Last updated: October 21. 2013 9:04PM - 1658 Views
By - lmihm@civitasmedia.com

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LIMA — Art is everywhere, and the Lima Area Arts Collaborative honored that positive economic impact with the second annual Arts Advocacy Luncheon and Award presentation in conjunction with the Lima Rotary Club.

Guest speaker Marc Folk, executive director of the Arts Commission of Greater Toledo, spoke on the economic impact to metropolitan areas and how important it is to local economies to advocate growth in the arts.

“In Allen County, there are 220 art-related industries that provide 802 people with employment,” Folk said. “It is important to sustain growth in those industries.”

Folk has been a leader in creating economic growth in the arts in the Toledo area since 1996 as an instructor with the Young Artists at Work program. He became executive director at ACGT in 2007.

Since taking over as director, Folk has stressed the importance of art to local economies. He has instituted many projects aimed at increasing the impact of art in Northwest Ohio, which he says helps economic growth.

Some of those projects include Artomatic 419, a community-led arts event, and Artzone, an effort to attract artists to the area and assist in revitalization of the community. A six-week program called Young Artists At Work has also stirred up interest among youth in the Toledo area each year.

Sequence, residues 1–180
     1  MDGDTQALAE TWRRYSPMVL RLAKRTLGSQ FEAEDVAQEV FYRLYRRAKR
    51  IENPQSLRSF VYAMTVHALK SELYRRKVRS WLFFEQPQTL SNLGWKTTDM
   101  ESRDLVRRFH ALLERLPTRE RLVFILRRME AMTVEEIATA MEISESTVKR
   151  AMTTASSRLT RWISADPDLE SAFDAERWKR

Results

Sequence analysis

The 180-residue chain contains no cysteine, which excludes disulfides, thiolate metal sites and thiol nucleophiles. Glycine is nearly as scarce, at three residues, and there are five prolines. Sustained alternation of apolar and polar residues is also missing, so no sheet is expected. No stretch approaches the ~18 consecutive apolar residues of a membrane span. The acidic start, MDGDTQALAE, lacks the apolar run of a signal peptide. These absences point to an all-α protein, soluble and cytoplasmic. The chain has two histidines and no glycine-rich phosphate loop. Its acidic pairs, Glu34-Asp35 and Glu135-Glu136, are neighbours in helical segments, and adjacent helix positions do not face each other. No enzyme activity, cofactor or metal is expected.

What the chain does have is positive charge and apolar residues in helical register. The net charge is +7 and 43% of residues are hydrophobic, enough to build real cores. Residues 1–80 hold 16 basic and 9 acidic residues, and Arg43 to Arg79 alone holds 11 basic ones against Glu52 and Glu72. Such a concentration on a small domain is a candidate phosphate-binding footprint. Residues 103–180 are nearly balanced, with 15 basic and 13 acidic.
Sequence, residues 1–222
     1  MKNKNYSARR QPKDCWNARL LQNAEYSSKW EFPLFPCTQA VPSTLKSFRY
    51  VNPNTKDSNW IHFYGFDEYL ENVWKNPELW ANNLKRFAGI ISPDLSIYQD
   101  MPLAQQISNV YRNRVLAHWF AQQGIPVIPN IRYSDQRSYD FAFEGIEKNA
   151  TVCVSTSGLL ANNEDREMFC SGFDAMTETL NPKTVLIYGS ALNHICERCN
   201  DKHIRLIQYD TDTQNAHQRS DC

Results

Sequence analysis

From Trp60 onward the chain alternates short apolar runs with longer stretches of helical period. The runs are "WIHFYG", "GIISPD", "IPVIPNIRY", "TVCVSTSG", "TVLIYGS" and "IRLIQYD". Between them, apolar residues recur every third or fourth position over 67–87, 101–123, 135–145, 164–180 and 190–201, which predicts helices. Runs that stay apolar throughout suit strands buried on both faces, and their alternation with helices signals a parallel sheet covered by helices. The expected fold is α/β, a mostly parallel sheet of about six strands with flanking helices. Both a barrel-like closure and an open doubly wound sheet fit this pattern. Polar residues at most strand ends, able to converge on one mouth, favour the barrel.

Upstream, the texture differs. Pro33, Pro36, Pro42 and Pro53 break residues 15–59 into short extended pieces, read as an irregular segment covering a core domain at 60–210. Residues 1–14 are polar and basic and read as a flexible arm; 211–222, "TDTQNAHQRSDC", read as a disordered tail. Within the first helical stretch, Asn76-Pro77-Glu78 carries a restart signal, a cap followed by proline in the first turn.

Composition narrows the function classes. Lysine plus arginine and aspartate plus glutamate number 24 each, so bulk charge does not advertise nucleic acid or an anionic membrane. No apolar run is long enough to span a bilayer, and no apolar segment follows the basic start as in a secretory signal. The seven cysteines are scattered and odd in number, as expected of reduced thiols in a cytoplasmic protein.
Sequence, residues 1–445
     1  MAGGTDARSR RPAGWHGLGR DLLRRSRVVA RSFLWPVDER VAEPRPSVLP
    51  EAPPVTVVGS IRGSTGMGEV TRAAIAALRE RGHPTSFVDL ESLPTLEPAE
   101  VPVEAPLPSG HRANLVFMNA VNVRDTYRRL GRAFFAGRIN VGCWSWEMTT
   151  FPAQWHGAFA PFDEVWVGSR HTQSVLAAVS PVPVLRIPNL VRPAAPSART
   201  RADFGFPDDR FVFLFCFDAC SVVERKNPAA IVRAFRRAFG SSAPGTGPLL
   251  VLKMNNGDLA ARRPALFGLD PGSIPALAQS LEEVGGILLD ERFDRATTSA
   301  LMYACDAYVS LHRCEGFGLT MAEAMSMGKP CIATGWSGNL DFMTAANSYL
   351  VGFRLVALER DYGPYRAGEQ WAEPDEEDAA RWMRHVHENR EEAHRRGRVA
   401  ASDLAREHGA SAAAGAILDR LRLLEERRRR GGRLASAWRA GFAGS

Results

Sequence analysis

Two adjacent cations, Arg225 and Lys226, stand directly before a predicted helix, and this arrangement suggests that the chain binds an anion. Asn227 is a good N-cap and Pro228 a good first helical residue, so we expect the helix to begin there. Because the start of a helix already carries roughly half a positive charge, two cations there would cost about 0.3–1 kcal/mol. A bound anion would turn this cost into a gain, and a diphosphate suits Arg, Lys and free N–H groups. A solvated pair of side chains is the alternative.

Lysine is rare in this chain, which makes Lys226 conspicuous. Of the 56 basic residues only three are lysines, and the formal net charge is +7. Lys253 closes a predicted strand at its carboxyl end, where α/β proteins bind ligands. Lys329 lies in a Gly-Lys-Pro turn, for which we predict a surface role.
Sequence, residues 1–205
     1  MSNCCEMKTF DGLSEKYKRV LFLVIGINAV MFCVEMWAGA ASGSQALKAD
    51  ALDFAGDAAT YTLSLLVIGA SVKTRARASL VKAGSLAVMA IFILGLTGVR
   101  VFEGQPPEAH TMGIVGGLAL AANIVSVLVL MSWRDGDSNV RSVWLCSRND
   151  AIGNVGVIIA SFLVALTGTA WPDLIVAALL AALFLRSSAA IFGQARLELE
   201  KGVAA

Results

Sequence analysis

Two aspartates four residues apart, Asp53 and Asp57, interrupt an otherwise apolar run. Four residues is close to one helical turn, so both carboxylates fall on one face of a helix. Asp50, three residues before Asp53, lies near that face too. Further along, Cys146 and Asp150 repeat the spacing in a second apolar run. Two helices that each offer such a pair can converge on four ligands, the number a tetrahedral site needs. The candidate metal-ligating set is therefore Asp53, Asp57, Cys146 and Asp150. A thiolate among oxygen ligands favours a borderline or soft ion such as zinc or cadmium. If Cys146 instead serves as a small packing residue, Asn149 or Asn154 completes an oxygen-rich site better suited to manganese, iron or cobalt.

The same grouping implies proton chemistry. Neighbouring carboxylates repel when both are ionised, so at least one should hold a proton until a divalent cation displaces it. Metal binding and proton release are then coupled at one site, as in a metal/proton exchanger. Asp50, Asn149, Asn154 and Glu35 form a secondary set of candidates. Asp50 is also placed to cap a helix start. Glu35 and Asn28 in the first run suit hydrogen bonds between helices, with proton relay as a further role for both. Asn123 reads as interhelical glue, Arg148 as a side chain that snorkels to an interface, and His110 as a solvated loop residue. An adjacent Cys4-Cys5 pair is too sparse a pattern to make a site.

“We had one building that sat empty for more than four years,” Folk said. “The building was in the designated Artzone. Within four months of hosting an Artomatic 419 event at the building, it was leased at 100 percent capacity.”

Folk said the General Assembly recently increased public funding for arts and culture by securing $22.7 million in the Ohio Arts Council budget. He said as state funding increases, federal funding continues to decrease so it is important to continue advocating for funding.

“Art supports 197,000 jobs in Ohio,” Folk said. “Northwest Ohio has great local assets and can positively impact the economy of our local communities.”

The Toledo area saw the number of art studios expand from 30 to 65 in Toledo during Folk's tenure, and there are 11 new galleries and four new art-related businesses. Cindy Wood of the Veterans Memorial Civic Center said the impact is obvious among the 27 counties in Northwest Ohio.

“A study released by Bowling Green State University in 2009 showed that art-related industries generate more than $2 billion and sustains jobs and local tax revenue,” Wood said. “Allen County holds a significant role in that figure.”

Ohio Citizens for the Arts Executive Director Donna Collins elaborated more on Allen County's role.

“I have art from Lima middle school students hanging in my office,” Collins said. “Local support of the arts is key. This is where it starts, at the grass roots. The kids love it and it teaches them to work in creative and innovative ways.”

Awards given to local residents included the Collaborative Creator/Artist Award going to Joe Bonifas, a long-time art teacher at Shawnee High School, the Award for Arts Advocacy to Lima City Schools director of arts and magnet programs Sally Windle, and Art Philanthropist Award to Jim and Chris O'Neill.

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